l) RELATED ISSUES: Guatemalan farmers support the adoption of biotechnology, especially the commercial corn producers. They point to a lack of competitiveness compared to their Honduran neighbors. Honduras has been producing higher quality corn (low grain damage with low aflatoxin and mycotoxin levels) and at lower prices for the past ten years with the help of biotechnology. Because of this, the Guatemalan food industry and corn flour producers prefer Honduran corn. Fumonisin and aflatoxin levels in Guatemala are 10 to 50 times above world average levels. This issue of high mycotoxin levels in Guatemala is just starting to become a health concern. The World Health Organization recommends planting transgenic Bt maize for fumonisin control . The Government of Guatemala is not considering this recommendation as an option, despite evidence showing that stunting in Guatemala may be correlated with mycotoxin contamination in corn, the staple of the Guatemalan diet.
PART C: Marketing
a) PUBLIC/PRIVATE OPINIONS: Opinions about biotechnology have grown more educated with time. Guatemalan researchers at the public and private universities support the technology. The San Carlos National University is against agricultural biotechnology as evidenced by its strong opposition to the UPOV law approved by Congress and mischaracterized as a GMO law proposal. In the productive agricultural and industrial sectors there is a clear position on the use of food technologies that increase productivity and food security. The government has not taken an official position aside from CONAP. There are a number of active organizations that oppose biotechnology, such as conservation and environmental groups, subsistence farmer and indigenous groups, and human rights groups.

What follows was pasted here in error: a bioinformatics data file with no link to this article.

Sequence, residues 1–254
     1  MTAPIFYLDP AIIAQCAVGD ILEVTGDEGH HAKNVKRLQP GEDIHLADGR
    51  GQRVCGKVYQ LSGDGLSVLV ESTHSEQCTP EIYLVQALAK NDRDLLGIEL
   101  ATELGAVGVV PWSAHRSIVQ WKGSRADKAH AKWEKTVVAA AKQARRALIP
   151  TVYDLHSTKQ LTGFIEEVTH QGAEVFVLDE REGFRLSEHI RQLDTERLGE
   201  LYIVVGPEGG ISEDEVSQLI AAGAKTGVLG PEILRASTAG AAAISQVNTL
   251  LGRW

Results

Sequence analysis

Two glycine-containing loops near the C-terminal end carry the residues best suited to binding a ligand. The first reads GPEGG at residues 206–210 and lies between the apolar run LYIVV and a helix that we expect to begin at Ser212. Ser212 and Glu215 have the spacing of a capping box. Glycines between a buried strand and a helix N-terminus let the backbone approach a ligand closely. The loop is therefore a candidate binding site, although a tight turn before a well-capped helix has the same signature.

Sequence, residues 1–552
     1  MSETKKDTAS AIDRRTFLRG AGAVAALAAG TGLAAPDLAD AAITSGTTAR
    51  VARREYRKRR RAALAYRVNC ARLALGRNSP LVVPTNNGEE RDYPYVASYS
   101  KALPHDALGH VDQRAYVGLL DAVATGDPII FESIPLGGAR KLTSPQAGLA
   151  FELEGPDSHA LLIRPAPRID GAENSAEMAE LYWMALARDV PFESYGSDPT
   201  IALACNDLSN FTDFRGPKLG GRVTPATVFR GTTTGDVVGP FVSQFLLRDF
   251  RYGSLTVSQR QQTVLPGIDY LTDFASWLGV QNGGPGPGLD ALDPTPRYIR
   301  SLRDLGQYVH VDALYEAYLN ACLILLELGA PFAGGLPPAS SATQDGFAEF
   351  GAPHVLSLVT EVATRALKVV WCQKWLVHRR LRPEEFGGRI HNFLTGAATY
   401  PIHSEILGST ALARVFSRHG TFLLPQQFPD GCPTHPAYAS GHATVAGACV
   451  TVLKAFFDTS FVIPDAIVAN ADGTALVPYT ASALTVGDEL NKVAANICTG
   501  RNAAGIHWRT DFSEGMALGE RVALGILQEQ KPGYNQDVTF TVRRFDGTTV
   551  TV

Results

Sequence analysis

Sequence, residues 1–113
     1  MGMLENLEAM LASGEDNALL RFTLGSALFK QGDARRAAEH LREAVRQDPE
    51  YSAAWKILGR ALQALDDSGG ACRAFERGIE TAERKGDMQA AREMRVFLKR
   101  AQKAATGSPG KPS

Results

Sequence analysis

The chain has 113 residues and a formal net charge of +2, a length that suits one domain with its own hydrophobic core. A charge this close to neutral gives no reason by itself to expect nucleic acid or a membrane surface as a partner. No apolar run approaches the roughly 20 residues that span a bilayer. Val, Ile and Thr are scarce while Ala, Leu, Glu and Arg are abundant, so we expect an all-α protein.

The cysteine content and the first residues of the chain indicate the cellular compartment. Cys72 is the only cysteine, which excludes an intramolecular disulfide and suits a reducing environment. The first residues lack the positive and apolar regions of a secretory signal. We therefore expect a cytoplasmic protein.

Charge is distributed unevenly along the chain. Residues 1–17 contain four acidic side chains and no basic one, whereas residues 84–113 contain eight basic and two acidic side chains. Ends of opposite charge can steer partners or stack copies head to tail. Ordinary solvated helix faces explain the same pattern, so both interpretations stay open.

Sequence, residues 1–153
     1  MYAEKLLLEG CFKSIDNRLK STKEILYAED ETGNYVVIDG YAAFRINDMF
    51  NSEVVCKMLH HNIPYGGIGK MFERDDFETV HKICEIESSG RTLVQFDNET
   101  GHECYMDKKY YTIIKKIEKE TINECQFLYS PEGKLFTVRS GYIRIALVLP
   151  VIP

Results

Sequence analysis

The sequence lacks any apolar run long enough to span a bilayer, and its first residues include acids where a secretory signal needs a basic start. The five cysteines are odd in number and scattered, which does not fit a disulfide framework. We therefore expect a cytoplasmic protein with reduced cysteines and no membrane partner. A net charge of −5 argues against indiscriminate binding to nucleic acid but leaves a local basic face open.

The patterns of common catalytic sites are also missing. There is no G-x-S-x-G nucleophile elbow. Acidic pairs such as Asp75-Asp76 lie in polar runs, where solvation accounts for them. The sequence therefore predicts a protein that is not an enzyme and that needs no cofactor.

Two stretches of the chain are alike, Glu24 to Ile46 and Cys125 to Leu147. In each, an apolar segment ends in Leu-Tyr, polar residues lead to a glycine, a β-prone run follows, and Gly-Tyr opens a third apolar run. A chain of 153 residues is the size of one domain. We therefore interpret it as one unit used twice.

b) MARKET ACCEPTANCE/STUDIES: Guatemala has not carried an assessment of market acceptance of GE plants or products used in the textile or food industries. The consumers are more concerned with food prices than the technologies used in its production.
CHAPTER 2: ANIMAL BIOTECHNOLOGY
PART D: Production and Trade
a) BIOTECHNOLOGY PRODUCT DEVELOPMENT: Guatemala has no GE animal research or development.
b) COMMERCIAL PRODUCTION: Guatemala has no production of GE animals.
c) BIOTECHNOLOGY EXPORTS: Guatemala is not a GE animal exporter.
d) BIOTECHNOLOGY IMPORTS: Guatemala has not imported nor shown interest in importing GE animals.
e) TRADE BARRIERS: Unknown.
PART E: Policy
a) REGULATORY FRAMEWORK: Guatemala has not discussed GE animal regulation.
b) INNOVATIVE BIOTECHNOLOGIES: Guatemala has not discussed innovative biotechnologies.
c) LABELING AND TRACEABILITY: Guatemala has not started to discuss GE animals, in general.
d) INTELLECTUAL PROPERTY RIGHTS (IPR): Guatemala has no regulations in place for GE animal IPR.
e) INTERNATIONAL TREATIES/FORA: As member of the WTO, Guatemala reports to the OIE and follows its guidelines. CONAP represents Guatemala at the COP-MOP meetings.
f) TRADE BARRIERS: Guatemala has a de facto moratorium on GE materials, including animals.
PART F: Marketing
a) PUBLIC /PRIVATE OPINIONS: Academia has shown interest in GE mosquitoes, in response to malaria control, but has not considered raising the inquiry with the government so far. Active organizations have not raised concerns on GE animals.
b) MARKET ACCEPTANCE/STUDIES: There have not been assessments on potential market acceptance of GE animals.